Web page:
He was deeply moved, and after a moment said, "I did not know that you felt in this way. I thought the best thing that I could do was to get out of the world and out of the way. I thought I knew you, but I do not half understand your large, generous heart. For your sake I will try and get well, nor will I impose any conditions whatever. But pardon me: I am going to ask one thing, which you can grant or not as you choose. Please do not wrong me by thinking that I have any personal end in view. I have given all that up as truly as if I were dead. I ask that you do not speedily marry Charles Hunting--not till you are sure you know him."

"O dear!" exclaimed Annie, in real distress, "this dreadful quarrel! What trouble it makes all around!"

"If your father," continued Gregory, with grave earnestness, "told you to be a sister to me, then I have some right to act as a brother toward you. But as an honest man, with all my faults, and with your interests nearest my heart, I entreat you to heed my request. Nay, more: I am going to seem ungenerous, and refer for the first and last time to the obligation you are under to me. By all the influence I gained by that act, I beg of you to hesitate before you marry Charles Hunting. Believe me, I would not lay a straw in the way of your marrying a good man."

"Your words pain me more than I can tell you," said Annie, sadly. "I do not understand them. Once they would have angered me. But, however mistaken you are, I cannot do injustice to your motive.

"I do not see how your request can injure Charles," she continued, musingly. "I have no wish to marry now for a long time--not till these sad scenes have faded somewhat from memory. If you will only promise to live I will not marry him till you get strong and well--till you can look upon this matter as a man--as a brother ought. But your hostility must not be unreasonable or implacable. I _know_ you do Mr. Hunting great injustice. And yet such is my solicitude for you that I will do what seems to me almost disloyal. But I know that I owe a great deal to you as well as Charles."

"What I ask is for your sake, not mine. I only used the obligation as a motive."

"Well," said Annie, "I yield; and surely a sister could do no more than I have done to-night."

"And I have simply done my duty," he answered, quietly. "And yet I thank you truly. You also may see the time when you will thank me more than when I interposed my worthless person between you and danger."

"Please never call yourself 'worthless' to me again. We never did agree, and I fear we shall be gray before we do. But mark this: I am never going to give you up, whatever happens. I shall obey dear father's last words from both duty and inclination. But let us end this painful conversation. What have you eaten to-day?"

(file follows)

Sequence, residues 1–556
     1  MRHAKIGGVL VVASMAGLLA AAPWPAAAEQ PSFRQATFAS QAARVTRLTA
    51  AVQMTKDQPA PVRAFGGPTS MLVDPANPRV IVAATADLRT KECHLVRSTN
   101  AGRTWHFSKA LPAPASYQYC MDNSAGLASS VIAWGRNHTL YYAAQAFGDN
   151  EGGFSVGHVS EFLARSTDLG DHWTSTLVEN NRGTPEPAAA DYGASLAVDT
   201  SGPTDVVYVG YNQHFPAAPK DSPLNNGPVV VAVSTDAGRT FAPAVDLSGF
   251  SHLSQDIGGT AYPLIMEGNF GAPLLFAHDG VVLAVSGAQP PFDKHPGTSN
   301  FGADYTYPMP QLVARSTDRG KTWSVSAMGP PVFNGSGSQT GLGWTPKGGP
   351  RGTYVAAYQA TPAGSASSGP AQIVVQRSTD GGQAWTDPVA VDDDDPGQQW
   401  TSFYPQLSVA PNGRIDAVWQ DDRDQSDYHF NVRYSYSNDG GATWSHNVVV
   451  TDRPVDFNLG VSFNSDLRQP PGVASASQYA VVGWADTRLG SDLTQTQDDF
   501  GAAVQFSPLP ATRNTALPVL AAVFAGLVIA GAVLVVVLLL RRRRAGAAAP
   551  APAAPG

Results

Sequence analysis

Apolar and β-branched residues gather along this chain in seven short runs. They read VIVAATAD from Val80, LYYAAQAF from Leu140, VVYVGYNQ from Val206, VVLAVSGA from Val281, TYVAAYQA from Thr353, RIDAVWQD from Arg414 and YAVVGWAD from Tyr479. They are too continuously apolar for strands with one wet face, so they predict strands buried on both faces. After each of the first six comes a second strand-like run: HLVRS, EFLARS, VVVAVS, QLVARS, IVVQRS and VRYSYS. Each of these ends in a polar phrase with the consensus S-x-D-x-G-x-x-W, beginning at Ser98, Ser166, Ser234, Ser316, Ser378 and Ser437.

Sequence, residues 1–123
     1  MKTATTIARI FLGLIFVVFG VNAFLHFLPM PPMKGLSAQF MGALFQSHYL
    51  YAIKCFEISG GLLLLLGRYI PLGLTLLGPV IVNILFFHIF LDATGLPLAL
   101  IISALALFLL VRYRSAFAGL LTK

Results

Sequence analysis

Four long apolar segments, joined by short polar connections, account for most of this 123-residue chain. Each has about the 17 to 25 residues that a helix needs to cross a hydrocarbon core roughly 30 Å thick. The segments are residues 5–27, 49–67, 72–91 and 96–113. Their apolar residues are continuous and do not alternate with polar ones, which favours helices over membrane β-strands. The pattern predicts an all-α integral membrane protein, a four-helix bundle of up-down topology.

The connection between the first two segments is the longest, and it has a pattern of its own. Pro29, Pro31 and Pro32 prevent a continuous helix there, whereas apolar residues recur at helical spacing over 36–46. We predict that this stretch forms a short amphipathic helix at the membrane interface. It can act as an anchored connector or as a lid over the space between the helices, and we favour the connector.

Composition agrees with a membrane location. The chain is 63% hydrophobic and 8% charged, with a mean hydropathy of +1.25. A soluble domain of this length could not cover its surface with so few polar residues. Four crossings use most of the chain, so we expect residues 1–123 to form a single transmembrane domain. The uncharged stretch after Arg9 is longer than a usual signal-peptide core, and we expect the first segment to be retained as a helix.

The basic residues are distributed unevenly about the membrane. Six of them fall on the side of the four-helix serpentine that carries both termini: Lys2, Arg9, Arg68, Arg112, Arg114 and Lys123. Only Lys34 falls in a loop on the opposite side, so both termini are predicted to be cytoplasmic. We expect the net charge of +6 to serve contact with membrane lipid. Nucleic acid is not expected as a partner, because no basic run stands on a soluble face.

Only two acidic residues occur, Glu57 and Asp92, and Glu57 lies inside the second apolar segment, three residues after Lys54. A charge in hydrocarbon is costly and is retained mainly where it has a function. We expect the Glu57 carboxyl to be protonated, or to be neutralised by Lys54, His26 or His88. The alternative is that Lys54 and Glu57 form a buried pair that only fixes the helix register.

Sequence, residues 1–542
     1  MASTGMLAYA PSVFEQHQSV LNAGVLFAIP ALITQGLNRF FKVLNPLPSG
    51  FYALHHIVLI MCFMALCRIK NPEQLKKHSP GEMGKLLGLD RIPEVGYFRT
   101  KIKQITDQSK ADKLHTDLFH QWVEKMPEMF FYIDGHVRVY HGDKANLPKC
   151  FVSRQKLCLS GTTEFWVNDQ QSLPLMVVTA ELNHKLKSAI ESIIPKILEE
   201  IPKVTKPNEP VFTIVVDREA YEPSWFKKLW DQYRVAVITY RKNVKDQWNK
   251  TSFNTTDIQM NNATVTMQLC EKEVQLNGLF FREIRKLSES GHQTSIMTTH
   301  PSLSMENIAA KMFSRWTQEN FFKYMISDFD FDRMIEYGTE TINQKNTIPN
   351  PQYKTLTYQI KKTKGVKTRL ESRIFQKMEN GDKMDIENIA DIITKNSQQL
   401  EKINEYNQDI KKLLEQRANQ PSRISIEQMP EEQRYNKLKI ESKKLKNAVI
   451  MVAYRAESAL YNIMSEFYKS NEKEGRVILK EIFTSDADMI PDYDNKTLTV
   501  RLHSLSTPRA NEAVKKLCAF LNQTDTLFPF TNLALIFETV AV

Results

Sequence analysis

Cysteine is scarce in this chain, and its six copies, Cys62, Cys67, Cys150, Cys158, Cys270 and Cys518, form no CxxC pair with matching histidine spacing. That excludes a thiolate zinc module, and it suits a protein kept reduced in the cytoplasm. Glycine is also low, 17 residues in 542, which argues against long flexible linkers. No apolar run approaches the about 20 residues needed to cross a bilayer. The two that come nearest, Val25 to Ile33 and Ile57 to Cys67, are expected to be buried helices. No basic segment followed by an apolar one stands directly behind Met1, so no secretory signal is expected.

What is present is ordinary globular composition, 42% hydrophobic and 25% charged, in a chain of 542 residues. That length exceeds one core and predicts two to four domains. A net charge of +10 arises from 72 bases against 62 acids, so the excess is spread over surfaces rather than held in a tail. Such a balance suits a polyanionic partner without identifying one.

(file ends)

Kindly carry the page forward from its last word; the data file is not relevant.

"I'm sure I don't know," he said.

"Will you eat something if I bring it?"

"I will do anything you ask."

"Now you give me hope," and she vanished, sending the regular watcher back to his post.

Gregory found it no difficult task to eat the dainty little supper she brought. She had broken the malign spell he was under. As we have seen, his was a physical nature peculiarly subject to mental conditions.

Soon after she said, in a low tone meant only for his ear, "Good- night, my poor suffering brother. We all three shall understand each other better in God's good time."

"I hope so," he said, with a different meaning. "You have made me feel that I am not alone and uncared for in the world, though I cannot call you sister yet. Good-night."

Annie went back to her father's side, and remained till her aunt almost forced her away.

It is not necessary to dwell on the events of the next few days. Such is our earthly lot, nearly all can depict them by recalling their own sad experience: the hushed and solemn household, even the children speaking low and treading softly, as if they might awake one whom only "the last trump" could arouse.

John Walton's funeral was no formal pageant, but an occasion of sincere and general mourning. Even those whose lives and characters were the opposite of his had the profoundest respect for him, and the entire community united in honoring his memory.

Perhaps the most painful time of all to the stricken family was the evening after their slow, dreary ride to the village cemetery. Then, as not before, they realized their loss.


Opening a Chestnut Burr - 62/76